Committee Reports::Report - Appropriation Accounts 1960 - 1961::29 March, 1962::MIONTUAIRISC NA FINNEACHTA / Minutes of Evidence


(Minutes of Evidence)

Déardaoin, 29 Márta, 1962.

Thursday, 29th March, 1962.

The Committee sat at 11 a.m.

Members Present:







P. J. Burke,




DEPUTY JONES in the chair.

Liam Ó Cadhla (An tArd-Reachtaire Cuntas agus Ciste), Mr. J. F. Harman, Mr. P. S. MacGuill and Mr. J. R. Whitty (An Roinn Airgeadais) called and examined.


Dr. T. McGreevy called and examined.

280. Deputy Carter.—On subhead A.— Salaries and Wages—the note says that the saving was partly due to a vacancy remaining unfilled. What type of post remains unfilled?—We advertised for an assistant to the Director, an art historian, The applications included none that was wholly satisfactory. Two were likely but at the salary that was offered one would have had to give up £300 a year. The second candidate just then began to make a large income in America. I learned that this candidate would not come even if appointed. Those were the likeliest. There were others but the appointment of any of them would have entailed a longer period of training. In the circumstances, nobody was appointed. The position was again advertised on the 16th March last. A little more money had been authorised and we are trying again to see if we can get somebody.

281. Chairman.—Some of my predecessors have dealt with the matter of cataloguing of pictures. Could you tell us something about the present position regarding this?—I can. It is only too vivid in my mind. When I went to the Gallery it existed for 86 years. 700 odd pictures were catalogued. There were over 1,100 on the registers. There were pictures there for 60 years which had never been registered. They came from Lady Milltown in 1902 and from Nathaniel Hone’s widow in 1919. She left 210 pictures to the Gallery. They had never been either registered or catalogued. I tackled the job of cataloguing the pictures and I have succeeded in identifying almost all of Lady Milltown’s bequest. The various subjects had not always been clearly indicated. The catalogue is with the Stationery Office and I think it is being placed in the hands of the printers. I have since discovered a few more so that I will have about 20 or so items to interpolate when the proofs come along. Over 1,700 pictures are now registered and catalogued.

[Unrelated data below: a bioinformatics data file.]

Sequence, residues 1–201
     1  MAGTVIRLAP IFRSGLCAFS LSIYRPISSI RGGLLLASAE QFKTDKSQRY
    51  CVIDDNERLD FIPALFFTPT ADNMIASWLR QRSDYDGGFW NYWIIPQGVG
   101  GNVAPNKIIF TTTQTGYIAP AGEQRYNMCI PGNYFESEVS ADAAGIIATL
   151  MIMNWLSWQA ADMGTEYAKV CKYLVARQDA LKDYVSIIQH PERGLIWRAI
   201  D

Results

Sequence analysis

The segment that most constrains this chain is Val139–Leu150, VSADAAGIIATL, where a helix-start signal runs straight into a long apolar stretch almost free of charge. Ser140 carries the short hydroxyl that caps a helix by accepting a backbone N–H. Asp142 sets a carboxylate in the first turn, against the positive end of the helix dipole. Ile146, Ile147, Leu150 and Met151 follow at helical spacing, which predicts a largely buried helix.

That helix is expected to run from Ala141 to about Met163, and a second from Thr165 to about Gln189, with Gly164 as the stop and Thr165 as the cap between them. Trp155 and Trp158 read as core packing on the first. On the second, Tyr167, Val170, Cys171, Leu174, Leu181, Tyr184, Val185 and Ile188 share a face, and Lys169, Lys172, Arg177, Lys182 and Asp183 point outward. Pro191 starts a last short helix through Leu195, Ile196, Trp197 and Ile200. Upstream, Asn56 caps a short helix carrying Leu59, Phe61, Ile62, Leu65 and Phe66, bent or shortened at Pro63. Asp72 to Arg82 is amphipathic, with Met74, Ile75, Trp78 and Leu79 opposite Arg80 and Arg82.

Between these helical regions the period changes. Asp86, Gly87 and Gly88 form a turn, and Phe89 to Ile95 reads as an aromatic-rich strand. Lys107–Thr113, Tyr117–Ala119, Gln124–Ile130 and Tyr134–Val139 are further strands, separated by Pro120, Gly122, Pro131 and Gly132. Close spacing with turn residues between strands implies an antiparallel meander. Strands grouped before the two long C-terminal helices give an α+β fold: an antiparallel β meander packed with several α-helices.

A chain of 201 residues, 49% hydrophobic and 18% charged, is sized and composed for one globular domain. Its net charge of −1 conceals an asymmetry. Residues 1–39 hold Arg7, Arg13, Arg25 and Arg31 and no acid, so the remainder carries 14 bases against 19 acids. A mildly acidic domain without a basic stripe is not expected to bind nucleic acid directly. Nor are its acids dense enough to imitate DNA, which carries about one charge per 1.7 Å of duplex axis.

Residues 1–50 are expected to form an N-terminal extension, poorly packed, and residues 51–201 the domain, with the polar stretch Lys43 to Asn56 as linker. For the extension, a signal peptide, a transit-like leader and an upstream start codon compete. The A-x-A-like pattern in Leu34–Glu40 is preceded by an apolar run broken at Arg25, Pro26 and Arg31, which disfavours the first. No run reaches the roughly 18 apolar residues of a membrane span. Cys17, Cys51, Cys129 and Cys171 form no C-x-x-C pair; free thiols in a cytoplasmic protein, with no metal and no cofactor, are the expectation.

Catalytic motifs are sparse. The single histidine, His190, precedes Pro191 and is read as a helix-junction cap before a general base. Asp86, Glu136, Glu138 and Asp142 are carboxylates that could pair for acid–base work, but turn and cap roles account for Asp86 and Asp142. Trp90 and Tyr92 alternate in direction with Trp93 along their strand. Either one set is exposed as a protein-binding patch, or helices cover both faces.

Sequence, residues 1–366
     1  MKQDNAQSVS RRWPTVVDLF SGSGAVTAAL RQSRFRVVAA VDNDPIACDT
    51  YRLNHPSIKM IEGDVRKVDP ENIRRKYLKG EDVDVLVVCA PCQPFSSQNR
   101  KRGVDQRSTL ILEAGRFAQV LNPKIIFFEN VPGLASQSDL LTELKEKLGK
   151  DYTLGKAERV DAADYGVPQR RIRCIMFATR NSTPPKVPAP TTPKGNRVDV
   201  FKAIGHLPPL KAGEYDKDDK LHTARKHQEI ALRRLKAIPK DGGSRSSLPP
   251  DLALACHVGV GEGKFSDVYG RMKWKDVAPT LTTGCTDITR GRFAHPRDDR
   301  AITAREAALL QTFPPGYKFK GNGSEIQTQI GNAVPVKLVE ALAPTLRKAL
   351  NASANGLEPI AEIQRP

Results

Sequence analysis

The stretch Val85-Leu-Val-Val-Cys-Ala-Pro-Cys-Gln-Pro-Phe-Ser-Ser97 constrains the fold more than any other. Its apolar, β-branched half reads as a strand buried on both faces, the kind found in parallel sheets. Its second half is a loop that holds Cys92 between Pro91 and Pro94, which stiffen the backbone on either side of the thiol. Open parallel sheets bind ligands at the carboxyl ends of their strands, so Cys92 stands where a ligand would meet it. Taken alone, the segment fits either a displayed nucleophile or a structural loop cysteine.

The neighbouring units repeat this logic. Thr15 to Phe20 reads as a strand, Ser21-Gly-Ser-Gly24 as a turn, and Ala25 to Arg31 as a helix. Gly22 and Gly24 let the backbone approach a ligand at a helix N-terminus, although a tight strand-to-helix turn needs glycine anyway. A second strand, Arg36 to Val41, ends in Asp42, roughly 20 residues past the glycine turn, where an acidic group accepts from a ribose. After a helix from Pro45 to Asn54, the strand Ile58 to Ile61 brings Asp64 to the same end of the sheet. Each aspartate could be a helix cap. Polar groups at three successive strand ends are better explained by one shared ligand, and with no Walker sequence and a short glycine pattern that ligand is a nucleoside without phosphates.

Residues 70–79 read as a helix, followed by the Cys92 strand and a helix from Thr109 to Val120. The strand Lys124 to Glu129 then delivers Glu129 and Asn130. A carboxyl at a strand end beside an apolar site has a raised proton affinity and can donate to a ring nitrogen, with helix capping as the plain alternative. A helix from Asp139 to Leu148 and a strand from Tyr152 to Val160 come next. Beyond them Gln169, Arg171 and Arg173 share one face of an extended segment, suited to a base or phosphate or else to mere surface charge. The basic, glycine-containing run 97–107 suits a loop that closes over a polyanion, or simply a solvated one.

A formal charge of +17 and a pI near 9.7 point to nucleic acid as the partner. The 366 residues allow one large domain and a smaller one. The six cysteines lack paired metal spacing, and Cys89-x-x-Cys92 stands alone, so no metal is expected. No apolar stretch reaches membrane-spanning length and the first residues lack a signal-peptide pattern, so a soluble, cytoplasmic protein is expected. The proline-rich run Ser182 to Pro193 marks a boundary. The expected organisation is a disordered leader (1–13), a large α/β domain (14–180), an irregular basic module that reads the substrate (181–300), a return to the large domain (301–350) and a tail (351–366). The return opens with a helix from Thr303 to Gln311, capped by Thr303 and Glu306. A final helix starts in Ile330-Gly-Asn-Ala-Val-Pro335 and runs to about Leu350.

Deputy Booth.—Is this the first full catalogue the Gallery has ever had?—Up to, I think, 1898, the catalogue was fairly complete. Then Lady Milltown gave the contents of Russborough. It was an enormous gift and very valuable. It even included chandeliers. We use part of the dining-table in our board room but it would not all fit. There was also silver and glass. It was a superb gift and the trouble was that there was not enough room for it. You should put all the pressure you can on the Minister for Finance—he is very good about it, I must say, but a little backing is always a help to the Minister—to impress on him that an extension to our premises is very important.

282. Chairman.—I think previous Committees did refer to this problem. Did you get any gifts this year?—Of money or works of art?

I had in mind works of art?—Nothing, this year. We are not doing too badly, you know. We bought some nice pictures in that year. There was an Irishman, Roderick O’Connor, who painted with the great French painter, Gauguin, in Brittany and we got one of his pictures.

283. I notice that you spent £3,000 in the year?—Yes. Monsignor Shine had a great collection and he died. We had, over the years, got several items from him, including a Cranach and a Bosch, and when he died we got some more.

On subhead D.—Incidental Expenses— why the saving?—We were a good deal below our estimate because our photographer, who was 85 years old, was killed in an accident, and it took us some time to find a suitable person to replace him. Photographing pictures is a special business involving long exposures and so on. We did not find it possible to appoint anybody suitable for several months and so a saving on the subhead arose.

The witness withdrew.


Mr. W. A. Honohan called and examined.

284. Chairman. — Mr. Honohan has come to assist us. As this is his first appearance before the Committee, I should like to welcome him.

Mr. Honohan.—Thank you very much.

Chairman.—As there is no comment by the Comptroller and Auditor General in relation to this Vote, let us examine the subheads.

Deputy Clinton.—With regard to subhead A.—Salaries, Wages and Allowances —I should like to inquire if there is less work in the Department or has the work of the Department generally suffered as a result of staff vacancies not being filled? There is a considerable saving. The note says that the saving was mainly due to unfilled vacancies?—I think we could not say that the work has suffered very seriously. Certain delays are inevitable in the filling of vacancies which arise through deaths and so on. It takes some time to get replacements.

Would that saving represent many vacancies?—In relation to the total amount spent on administration, it is a relatively small saving—four per cent. I do not think I could give a figure in regard to the number of people concerned. It would change from week to week.

285. Deputy Booth.—On subhead C.— Incidental Expenses—the explanation of the variation seems to me to be a little unusual. It simply says that the saving was due to the fact that the estimate was greater than required, which, I think, we can all more or less safely assume. Was there an unusual reduction in the amount required? Can we have any information on that point?—This subhead comprises a number of items. I think the note was intended to draw attention to the two principal items on which the savings were effected—carriage of parcels and miscellaneous.